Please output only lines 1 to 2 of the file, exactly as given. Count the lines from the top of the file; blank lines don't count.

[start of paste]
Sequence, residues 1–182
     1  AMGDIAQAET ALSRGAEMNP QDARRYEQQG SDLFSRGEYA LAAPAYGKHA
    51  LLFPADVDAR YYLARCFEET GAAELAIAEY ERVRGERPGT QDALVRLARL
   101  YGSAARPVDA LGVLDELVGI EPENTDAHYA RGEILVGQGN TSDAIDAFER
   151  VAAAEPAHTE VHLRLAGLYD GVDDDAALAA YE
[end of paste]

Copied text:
Sequence, residues 1–182
     1  AMGDIAQAET ALSRGAEMNP QDARRYEQQG SDLFSRGEYA LAAPAYGKHA